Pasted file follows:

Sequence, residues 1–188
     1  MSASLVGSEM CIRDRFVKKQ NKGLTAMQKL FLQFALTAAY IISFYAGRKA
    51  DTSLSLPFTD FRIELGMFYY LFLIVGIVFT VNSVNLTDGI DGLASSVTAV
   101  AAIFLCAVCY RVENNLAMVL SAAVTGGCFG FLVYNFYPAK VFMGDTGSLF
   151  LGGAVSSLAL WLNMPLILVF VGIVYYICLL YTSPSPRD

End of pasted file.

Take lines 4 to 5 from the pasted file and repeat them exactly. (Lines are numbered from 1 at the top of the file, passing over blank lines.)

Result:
   101  AAIFLCAVCY RVENNLAMVL SAAVTGGCFG FLVYNFYPAK VFMGDTGSLF
   151  LGGAVSSLAL WLNMPLILVF VGIVYYICLL YTSPSPRD